Male rape vic­tim mocked at po­lice sta­tion

The Herald (South Africa) - - FRONT PAGE - Yoliswa Sobuwa and Zandile Mba­bela mba­belaz@times­me­

A MAN who was al­legedly held at gun­point, drugged and gang-raped by three women in an open field in Kwazakhele was ridiculed by po­lice when he went to re­port the in­ci­dent on Tues­day.

The Her­ald wit­nessed the laugh­ter and mock­ery as the trau­ma­tised man laid the com­plaint at the New Brighton po­lice sta­tion in Port El­iz­a­beth. He de­clined to com­ment. The women al­legedly stopped the 33-year-old man in Sey­isi Street and asked for di­rec­tions to New Brighton, be­fore pulling out a gun and forc­ing him into the black BMW they were trav­el­ling in.

They drove with him for less than a kilo­me­tre to an open field in Khuzwayo Street, where they al­legedly raped him, be­fore flee­ing with his se­men in a cooler box.

Ef­forts to track the man down later at the ad­dress he pro­vided in the po­lice re­port were fruit­less.

No­body in the area in Kwazakhele recog­nised his name, although some of them said he could have pro­vided a fake iden­tity af­ter be­ing openly mocked and laughed at by po­lice.

Martin Pelders, of Ma­trixMen, a sup­port group for male sur­vivors of sex­ual abuse, said be­ing ridiculed was one of the main rea­sons men did not re­port rape.

He said although male rape was preva­lent, it was ex­tremely un­der re­ported for ob­vi­ous rea­sons.

“Men are em­bar­rassed by this and a lot of the time they are ridiculed by the very peo­ple they re­port to,” he said.

“The gen­eral no­tion is that women can’t rape men and as a re­sult you won’t find statis­tics be­cause the crime is seen as rare or bizarre. There may be statis­tics for cor­rec­tive rape, but not nec­es­sar­ily for male rape as cases are not re­ported,” Pelders said.

Many Kwazakhele res­i­dents, when they heard of the al­leged rape, sym­pa­thised with the man and lam­basted those who thought the in­ci­dent was a joke.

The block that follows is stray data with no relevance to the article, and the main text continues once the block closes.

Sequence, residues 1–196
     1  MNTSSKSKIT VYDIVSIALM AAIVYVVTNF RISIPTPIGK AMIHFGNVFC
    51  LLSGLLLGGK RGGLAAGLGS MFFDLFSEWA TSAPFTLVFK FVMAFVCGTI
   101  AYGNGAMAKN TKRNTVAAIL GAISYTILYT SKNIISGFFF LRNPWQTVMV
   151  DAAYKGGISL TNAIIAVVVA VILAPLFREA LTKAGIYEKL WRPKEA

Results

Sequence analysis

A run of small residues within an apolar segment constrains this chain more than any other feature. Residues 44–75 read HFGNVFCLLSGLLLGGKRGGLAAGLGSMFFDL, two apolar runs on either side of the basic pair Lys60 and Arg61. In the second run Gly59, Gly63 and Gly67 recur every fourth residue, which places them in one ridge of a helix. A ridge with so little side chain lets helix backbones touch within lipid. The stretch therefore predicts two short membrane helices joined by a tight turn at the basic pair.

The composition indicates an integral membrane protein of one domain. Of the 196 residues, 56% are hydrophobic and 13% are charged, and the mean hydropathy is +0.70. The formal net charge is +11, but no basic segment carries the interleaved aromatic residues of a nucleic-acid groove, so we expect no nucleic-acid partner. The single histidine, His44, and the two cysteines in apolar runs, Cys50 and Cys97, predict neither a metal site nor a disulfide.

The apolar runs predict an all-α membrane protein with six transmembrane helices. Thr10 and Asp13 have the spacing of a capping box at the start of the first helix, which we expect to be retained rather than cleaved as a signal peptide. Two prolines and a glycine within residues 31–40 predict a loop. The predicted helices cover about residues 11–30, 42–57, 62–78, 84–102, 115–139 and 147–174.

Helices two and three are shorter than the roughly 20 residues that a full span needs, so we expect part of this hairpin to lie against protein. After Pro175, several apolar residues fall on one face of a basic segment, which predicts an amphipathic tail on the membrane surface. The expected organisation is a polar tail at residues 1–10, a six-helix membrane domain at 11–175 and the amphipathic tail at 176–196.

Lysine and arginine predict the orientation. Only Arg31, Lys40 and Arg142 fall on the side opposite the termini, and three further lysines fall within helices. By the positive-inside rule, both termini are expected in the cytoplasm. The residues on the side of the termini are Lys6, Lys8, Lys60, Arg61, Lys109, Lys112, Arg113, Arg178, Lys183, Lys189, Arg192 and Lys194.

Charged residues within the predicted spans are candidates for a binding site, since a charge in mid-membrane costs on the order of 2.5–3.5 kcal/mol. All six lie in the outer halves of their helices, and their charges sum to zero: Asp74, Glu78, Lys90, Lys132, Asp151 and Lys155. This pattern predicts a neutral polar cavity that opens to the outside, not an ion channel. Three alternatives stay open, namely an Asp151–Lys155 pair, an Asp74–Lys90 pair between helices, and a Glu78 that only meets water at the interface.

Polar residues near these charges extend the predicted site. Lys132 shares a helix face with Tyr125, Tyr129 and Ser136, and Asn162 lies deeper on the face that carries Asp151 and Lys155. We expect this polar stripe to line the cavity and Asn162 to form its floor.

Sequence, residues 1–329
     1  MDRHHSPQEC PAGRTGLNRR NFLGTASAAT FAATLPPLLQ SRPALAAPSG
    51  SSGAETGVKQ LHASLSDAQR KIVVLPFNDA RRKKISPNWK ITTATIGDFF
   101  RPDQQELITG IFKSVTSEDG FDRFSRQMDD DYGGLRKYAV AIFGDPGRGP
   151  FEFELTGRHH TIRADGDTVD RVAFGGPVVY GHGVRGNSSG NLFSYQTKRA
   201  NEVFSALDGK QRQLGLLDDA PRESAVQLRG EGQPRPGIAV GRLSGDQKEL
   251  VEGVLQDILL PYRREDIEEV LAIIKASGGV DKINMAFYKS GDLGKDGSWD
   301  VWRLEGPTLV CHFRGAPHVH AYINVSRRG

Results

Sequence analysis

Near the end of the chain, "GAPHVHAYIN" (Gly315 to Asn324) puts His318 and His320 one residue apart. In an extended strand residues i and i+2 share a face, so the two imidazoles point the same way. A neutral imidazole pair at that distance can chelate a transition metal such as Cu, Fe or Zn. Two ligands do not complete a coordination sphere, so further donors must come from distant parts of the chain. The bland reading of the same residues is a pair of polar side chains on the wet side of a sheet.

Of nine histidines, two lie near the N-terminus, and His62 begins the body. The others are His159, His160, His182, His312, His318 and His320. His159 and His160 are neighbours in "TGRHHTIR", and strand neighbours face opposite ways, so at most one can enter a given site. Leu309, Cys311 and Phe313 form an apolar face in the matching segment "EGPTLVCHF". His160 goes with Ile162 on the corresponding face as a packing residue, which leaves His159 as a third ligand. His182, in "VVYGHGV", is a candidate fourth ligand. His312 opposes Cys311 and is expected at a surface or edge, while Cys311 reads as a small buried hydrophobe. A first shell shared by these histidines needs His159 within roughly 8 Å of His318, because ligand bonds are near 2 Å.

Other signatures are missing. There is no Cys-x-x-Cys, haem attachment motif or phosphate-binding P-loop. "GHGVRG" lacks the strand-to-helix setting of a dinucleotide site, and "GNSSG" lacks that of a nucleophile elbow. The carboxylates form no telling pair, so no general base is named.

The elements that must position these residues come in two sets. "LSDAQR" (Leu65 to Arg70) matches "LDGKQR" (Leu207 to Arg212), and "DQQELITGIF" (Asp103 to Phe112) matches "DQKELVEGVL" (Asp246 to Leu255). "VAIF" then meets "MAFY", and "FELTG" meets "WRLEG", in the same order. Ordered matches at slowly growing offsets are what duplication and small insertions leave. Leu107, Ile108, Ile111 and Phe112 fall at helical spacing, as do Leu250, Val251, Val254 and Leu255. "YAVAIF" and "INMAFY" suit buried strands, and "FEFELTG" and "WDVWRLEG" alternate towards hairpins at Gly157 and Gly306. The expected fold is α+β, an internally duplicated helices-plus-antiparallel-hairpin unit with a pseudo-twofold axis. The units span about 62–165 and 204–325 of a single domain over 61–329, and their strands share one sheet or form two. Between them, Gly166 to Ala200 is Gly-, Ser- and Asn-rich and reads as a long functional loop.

Tshepo Linko, 21, said it was not un­com­mon for men to be made fun of when re­port­ing abuse or rape by women.

“I feel sorry for the guy who had to ex­pe­ri­ence this ter­ri­ble painful thing,” she said.

“Peo­ple should re­mem­ber that it was against his will and he was forced into that car at gun­point.

“He was brave enough to re­port the case at the po­lice sta­tion, but he was ridiculed – maybe that is why he de­cided to give out the wrong in­for­ma­tion.”

Than­deka Mzikanisi, 26, said although it seemed odd for a man to be raped, she felt sorry for the guy.

“We have heard of such sto­ries in Jo­han­nes­burg, but it is shock­ing that it has now hap­pened in our backyard,” she said.

“Maybe the guy is some­one that we know but who is very ashamed to show his face af­ter the treat­ment he got at the po­lice sta­tion.

“Peo­ple need to be taught that even men can be the vic­tims of abuse and they need the same sup­port given to women when they are in the same sit­u­a­tion.”

Po­lice spokesman Mncedi Mbombo con­demned the po­lice’s re­sponse when the man re­ported the case.

“When peo­ple go to open cases at the po­lice sta­tion and they ex­pe­ri­ence such treat­ment, they have a right to com­plain to the sta­tion com­man­der.

“They should give the name of the po­lice of­fi­cer who was help­ing them with the case and the time it hap­pened.”

Mbombo said Port El­iz­a­beth po­lice were not aware of any other sim­i­lar cases in the city.

“If it is a na­tional is­sue, our na­tional of­fice might get wind of this and send an e-mail to that ef­fect,” he said.

Sim­i­lar cases were re­ported in Diep­sloot, north of Jo­han­nes­burg, in Jan­uary, and in the East Rand’s Tem­bisa town­ship in March.


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